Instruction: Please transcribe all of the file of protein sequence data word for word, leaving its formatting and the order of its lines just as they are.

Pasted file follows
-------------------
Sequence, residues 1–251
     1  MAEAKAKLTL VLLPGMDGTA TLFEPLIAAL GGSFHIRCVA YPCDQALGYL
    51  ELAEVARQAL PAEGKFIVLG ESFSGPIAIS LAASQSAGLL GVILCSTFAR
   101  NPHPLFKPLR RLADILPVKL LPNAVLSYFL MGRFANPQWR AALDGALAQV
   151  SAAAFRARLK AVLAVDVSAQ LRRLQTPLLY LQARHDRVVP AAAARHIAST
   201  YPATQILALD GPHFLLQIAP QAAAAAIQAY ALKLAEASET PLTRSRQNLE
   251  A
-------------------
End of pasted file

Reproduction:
Sequence, residues 1–251
     1  MAEAKAKLTL VLLPGMDGTA TLFEPLIAAL GGSFHIRCVA YPCDQALGYL
    51  ELAEVARQAL PAEGKFIVLG ESFSGPIAIS LAASQSAGLL GVILCSTFAR
   101  NPHPLFKPLR RLADILPVKL LPNAVLSYFL MGRFANPQWR AALDGALAQV
   151  SAAAFRARLK AVLAVDVSAQ LRRLQTPLLY LQARHDRVVP AAAARHIAST
   201  YPATQILALD GPHFLLQIAP QAAAAAIQAY ALKLAEASET PLTRSRQNLE
   251  A